The ruling party says the “secrecy protection” law, which the lower house of parliament could vote on as soon as Tuesday, is needed to allow the United States and other allies to share national security information with Japan. Along with the creation of a U.S.-style National Security Council in his office, it’s part of an effort by Prime Minister Shinzo Abe to beef up Japan’s role in global security, and make a more authoritarian government at home.
The moves are welcomed by the United States, which wants a stronger Japan to counter China’s military rise, but they raise fears in Japan that the country could be edging back toward its militaristic past, when authorities severely restrained free speech.
“My biggest concern is that it would be more difficult for the people to see the government’s decision-making process,” said Kyouji Yanagisawa, a former top defense official who was in charge of national security at the Prime Minister’s Office from 2004-2009. “That means we can’t check how or where the government made mistakes, or help the government make a wise decision.”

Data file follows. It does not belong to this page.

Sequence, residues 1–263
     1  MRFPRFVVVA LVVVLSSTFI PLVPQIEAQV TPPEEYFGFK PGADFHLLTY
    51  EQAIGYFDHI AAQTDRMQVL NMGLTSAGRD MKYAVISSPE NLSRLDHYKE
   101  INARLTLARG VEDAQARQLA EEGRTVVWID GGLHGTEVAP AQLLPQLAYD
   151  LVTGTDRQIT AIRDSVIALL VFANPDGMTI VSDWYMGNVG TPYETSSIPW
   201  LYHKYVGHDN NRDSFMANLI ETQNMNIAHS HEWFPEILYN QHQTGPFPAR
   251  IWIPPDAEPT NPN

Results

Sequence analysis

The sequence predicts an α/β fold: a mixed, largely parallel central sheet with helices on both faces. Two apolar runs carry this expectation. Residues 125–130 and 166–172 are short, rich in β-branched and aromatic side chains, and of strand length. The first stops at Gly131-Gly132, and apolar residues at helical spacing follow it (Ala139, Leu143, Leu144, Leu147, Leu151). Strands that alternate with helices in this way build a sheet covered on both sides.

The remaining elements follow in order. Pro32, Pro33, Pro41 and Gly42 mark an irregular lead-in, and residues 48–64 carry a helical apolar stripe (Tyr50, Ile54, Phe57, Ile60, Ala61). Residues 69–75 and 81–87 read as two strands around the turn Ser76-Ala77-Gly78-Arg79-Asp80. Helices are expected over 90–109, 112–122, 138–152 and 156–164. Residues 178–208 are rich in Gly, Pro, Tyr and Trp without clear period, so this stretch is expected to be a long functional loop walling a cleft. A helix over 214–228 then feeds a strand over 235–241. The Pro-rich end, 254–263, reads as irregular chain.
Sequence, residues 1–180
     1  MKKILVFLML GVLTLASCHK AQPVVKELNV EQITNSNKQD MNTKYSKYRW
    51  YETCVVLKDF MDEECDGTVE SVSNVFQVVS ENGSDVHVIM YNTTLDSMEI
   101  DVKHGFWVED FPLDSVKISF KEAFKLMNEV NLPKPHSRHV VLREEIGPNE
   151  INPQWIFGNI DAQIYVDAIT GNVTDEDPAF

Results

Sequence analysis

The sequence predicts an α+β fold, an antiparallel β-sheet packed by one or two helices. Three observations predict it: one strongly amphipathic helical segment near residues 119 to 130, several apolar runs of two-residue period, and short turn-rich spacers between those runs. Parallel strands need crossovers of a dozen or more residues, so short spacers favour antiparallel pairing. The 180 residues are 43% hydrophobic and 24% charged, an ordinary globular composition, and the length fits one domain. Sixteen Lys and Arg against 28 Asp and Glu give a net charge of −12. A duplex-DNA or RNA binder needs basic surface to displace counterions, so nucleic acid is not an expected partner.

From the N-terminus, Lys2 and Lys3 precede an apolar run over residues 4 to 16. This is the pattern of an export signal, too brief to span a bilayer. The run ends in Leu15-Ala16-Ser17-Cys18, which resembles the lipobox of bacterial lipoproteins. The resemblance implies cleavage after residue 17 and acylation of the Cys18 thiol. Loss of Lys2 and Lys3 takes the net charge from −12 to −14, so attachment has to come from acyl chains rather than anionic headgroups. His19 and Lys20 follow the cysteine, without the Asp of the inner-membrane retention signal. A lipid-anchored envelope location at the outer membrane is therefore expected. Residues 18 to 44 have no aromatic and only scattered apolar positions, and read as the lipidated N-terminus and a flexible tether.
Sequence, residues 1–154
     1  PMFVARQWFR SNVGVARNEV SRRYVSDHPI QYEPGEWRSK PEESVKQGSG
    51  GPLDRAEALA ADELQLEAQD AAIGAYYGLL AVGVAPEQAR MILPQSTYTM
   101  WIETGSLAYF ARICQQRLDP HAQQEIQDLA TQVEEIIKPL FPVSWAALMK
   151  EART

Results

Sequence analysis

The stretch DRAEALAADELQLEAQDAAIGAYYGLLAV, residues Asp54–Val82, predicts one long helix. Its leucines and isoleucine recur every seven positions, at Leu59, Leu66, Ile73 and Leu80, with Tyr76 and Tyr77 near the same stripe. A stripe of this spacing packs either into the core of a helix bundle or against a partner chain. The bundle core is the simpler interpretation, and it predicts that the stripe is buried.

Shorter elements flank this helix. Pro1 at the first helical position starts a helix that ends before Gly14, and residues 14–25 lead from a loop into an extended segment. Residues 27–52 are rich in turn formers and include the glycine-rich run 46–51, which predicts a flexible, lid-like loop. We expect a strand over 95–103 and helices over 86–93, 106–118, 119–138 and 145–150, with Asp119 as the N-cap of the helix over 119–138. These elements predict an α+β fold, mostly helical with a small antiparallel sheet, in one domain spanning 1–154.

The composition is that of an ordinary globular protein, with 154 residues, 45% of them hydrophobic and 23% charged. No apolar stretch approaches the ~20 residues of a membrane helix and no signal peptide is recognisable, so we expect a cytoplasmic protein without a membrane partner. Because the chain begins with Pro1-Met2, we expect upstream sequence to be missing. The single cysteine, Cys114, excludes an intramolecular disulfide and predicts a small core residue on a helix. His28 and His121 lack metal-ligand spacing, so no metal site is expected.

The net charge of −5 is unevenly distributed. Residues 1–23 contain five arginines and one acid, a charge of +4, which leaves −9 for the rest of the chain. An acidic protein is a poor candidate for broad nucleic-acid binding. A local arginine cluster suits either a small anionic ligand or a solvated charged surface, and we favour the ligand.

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Fukushima Daiichi Nuclear Disaster What Happened at Fukushima Video Documentary what caused the fukushima daiichi nuclear disaster facts and summary. The Fukushima Daiichi nuclear disaster (福島第一原子力発電所事故 Fukushima Dai-ichi was a series of equipment failures, nuclear meltdowns and releases of radioactive materials at the Fukushima I Nuclear Power Plant, following the Tōhoku earthquake and tsunami on 11 March 2011. It is the largest nuclear disaster since the Chernobyl disaster of 1986 and only the second disaster (along with Chernobyl) to measure Level 7 on the International Nuclear Event Scale.